“As the majority of these deserters were Irish, the cause commonly assigned by the officers for their desertion, was, that as they were Roman Catholics they imagined they were fighting against their religion in fighting the Mexicans.” (281)

For those of you interested in doing your own research, here are some sources: 

An interesting note in the account by the aforementioned English Soldier states that

“They distil a strong intoxicating spirituous liquor from pulque, which they call Mexcal [sic]; it has a sort of smoky taste, very much resembling Irish poteen.” (278)

So, the Irish soldiers took a particular liking to pulque because it reminded them of the poitín (poteen) of their land.  Pulque for those who may not know is an alcoholic beverage made from the sap that is collected from the central hollow made by removing the mast of the agave plant.  Before fermentation, this sappy beverage is called aguamiel, literally, honey water.  After it ferments, it is called pulque.  To cut some of the viscosity, guava can be added, which also makes it more palatable for those who may be squeamish about drinking something that tends to be a bit slimy.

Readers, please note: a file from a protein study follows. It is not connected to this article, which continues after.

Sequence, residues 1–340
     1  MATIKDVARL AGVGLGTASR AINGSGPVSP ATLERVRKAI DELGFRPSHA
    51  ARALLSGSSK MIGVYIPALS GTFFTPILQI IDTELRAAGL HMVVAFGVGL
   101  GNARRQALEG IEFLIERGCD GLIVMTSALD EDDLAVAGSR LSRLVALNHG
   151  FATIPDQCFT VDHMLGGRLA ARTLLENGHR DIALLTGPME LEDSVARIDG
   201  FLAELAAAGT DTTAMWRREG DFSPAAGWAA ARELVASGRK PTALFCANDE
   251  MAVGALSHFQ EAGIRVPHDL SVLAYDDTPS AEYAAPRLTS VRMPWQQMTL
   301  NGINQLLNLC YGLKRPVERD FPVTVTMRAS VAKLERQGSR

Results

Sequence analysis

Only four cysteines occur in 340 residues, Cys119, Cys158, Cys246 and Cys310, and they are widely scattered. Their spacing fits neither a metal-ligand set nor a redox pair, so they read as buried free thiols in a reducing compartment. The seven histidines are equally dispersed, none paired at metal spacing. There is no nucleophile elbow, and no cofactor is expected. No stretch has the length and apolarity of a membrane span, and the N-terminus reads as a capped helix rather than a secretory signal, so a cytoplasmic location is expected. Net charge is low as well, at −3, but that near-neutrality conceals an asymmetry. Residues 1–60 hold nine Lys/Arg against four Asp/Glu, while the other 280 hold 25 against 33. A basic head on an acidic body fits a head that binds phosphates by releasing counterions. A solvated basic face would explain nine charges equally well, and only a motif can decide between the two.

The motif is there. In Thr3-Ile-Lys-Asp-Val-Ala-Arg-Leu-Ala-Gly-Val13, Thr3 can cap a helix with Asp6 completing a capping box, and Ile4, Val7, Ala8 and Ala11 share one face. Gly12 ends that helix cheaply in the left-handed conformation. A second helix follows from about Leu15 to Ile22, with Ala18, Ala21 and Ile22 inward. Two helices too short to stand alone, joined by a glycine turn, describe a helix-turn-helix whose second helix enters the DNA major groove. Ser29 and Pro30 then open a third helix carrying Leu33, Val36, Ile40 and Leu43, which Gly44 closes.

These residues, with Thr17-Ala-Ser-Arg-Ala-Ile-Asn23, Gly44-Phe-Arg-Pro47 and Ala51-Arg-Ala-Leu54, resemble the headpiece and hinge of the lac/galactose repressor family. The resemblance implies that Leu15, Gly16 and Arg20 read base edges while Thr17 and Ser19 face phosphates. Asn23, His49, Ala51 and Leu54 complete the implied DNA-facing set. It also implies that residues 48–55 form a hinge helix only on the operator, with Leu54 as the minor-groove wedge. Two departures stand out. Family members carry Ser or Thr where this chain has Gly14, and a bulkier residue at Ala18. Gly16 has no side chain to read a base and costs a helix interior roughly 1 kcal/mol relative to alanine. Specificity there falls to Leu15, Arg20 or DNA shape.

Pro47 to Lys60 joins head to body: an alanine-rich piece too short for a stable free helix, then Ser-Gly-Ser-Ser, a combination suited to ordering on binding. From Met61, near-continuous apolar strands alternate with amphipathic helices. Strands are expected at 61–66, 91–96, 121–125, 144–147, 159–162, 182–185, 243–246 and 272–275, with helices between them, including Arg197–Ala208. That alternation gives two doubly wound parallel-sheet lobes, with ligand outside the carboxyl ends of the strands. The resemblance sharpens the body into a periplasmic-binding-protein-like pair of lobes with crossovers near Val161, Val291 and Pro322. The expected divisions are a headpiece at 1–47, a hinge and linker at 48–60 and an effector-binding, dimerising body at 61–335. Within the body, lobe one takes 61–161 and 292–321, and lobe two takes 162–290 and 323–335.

Not that I encourage drinking, but for those who imbibe as they celebrate, perhaps you could ask your bar tender to serve you a green mescal—which is commonly, albeit erroneously, known as the “tequila with the worm”—in honor of Mexico’s fallen Irish heroes. ¡Feliz Día de San Patricio!

5 Comments

  1. Elvia Ardalani
    March 18, 2013 at 1:25 pm

    I loved this article about the San Patricios. This is a very remembered episode in Mexican history, although not well known to the masses. I particularly enjoyed the information about the representation of this historical event in pop culture. Wonderful post!

  2. Thalía Rodríguez
    March 20, 2013 at 9:04 pm

    It is an excelent blog…

  3. Mark Clark
    March 15, 2014 at 3:58 pm

    I’m very proud of the fact that the San Patricios originated here in Brownsville, Texas. One of the primary reason for their desertion was the terrible treatment they received from American officers and NCOs.

  4. Ray Carey
    March 18, 2014 at 8:37 am

    I taught about these brave Irish soldiers in my US History class for years. Thanks. Ray

  5. John Livingstone
    March 25, 2014 at 7:44 pm

    I recently visited San Angel, a suburb of Mexico City and discovered a commemorative plaque to Los Patricios who were executed for their desertion from the US Army and subsequent fighting on the Mexican side. A school has been named after Los Patricios in Mexico and a postage stamp in their honor was issued some years ago.